World Cup 2014

World Cup: Central defense spots no guarantee as Jurgen Klinsmann sizes up backline vs. Mexico

GLENDALE, Ariz. – Jurgen Klinsmann doesn’t deal in guarantees. The German is more of a what-have-you-done-for-me-lately kind of manager.

So even though Matt Besler and Omar Gonzalez were Klinsmann’s preferred center-back pairing for much of a record-breaking 2013, that doesn’t mean the duo can afford to rest on their laurels ahead of this summer’s World Cup in Brazil.

That’s especially true after a near flawless first half against Mexico on Wednesday went downhill quickly during the second 45 minutes. Gonzalez, in particular, fell victim to a crafty set-piece pick that allowed Rafa Márquez to pull El Tri within one then lost sight of Alan Pulido at the back post on the forward’s 67th-minute equalizer.

“We told the players to be alert from the first minute of the second half, but they were not,” Klinsmann said in his postgame press conference. “It took them too long to get back into the game, and then some mistakes that you can’t make in terms of how you concede the goals. So you take that away, you know you have to work on those things.”

And what’s that mean when it comes to the competition for starting places with Brazil now just two months away?

“Naturally, it’s open,” Klinsmann said. “How much it’s difficult to say.”

Normally a weapon on both sides of the ball in dead-ball situations, Gonzalez turned in the kind of first-half performance that’s established the LA Galaxy Designated Player as clear first choice.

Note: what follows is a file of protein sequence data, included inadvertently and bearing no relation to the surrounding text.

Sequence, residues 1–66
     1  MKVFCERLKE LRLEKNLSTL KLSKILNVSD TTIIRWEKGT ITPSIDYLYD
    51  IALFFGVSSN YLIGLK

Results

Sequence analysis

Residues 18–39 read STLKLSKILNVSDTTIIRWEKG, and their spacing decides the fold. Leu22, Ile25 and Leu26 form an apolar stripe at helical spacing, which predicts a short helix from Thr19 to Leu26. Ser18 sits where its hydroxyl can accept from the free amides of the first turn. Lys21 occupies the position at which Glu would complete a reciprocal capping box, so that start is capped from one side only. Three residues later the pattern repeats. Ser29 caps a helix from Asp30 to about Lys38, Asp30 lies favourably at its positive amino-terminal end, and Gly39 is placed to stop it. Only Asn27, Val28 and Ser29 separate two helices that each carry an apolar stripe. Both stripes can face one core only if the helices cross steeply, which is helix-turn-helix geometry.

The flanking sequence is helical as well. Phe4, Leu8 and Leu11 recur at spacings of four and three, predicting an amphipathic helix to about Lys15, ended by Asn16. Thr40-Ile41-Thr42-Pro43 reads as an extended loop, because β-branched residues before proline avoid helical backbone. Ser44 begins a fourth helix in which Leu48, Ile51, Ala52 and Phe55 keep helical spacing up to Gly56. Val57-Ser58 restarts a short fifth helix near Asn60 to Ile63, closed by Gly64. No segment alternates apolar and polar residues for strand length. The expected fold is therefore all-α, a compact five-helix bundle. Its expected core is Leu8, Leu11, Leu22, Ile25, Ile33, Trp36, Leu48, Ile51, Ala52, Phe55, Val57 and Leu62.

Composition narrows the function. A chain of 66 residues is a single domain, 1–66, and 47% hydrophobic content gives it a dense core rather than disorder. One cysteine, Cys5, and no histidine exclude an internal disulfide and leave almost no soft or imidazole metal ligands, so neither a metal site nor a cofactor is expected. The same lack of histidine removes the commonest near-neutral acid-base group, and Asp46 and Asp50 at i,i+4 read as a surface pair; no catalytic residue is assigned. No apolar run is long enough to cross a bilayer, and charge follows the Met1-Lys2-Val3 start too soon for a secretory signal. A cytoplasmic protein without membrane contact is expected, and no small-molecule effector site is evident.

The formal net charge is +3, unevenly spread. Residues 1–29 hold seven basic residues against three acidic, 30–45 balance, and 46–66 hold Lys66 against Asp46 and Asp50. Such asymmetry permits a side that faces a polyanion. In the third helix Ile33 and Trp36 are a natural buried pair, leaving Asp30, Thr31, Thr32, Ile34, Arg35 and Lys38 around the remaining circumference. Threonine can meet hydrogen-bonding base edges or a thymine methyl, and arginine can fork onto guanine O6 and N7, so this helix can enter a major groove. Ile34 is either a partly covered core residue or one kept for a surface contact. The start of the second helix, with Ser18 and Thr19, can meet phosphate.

But just one lapse can be fatal at the international level, and Márquez was able to sow confusion between Gonzalez and Kyle Beckerman just four minutes after halftime. The result? A corner-kick goal – shockingly, Márquez’s first-ever against the US – that swung momentum in El Tri’s favor.

“On that play, me and Kyle were talking and I said, ‘Hey, they’re going to pick me, so we have to switch,’” Gonzalez told reporters postgame. “We just haven’t practiced enough set pieces, and I was picked and we weren’t able to switch.”

“I’ve got to a bastard in [the box],” he added. “The only tough part is that you don’t want to be too handsy, because then you get called for the PK.”

The US weathered the storm until Pulido tucked away the rebound from Paul Aguilar’s shot off Nick Rimando’s right post, but the pressure on the backline was ramped up during the second period with Gonzalez and 59th-minute substitute Clarence Goodson forced to put out repeated fires.

“When we gave up an early goal in the second half, the game plan is kind of out the window a little bit,” Goodson said. They’re a team that plays on momentum. … We had a lot to deal with, to be honest, in the second half. If we’re being honest, we were scrambling a little bit at times.”

And while the US survived against Mexico, it’s unlikely that Ghana, Portugal or Germany would have failed to capitalize on similarly sustained pressure.

That’s certainly reason for concern with the World Cup approaching, but Klinsmann remained confident that a first-choice partnership – whether it be Gonzalez and Besler or one or both of Goodson and Geoff Cameron – will emerge before group play opens on June 16 in Natal.

“I will bring into camp more players than 23 in order to see what stage they are, how long they can maintain that focus, that alertness,that sharpness that you need on international level,” Klinsmann said. “It’s normal that they struggle right now because they’ve barely started the season.

“… We are patient in the process. Obviously in two months from now, I will make the decisions of who’s going to be the ideal pairing of the two center backs.”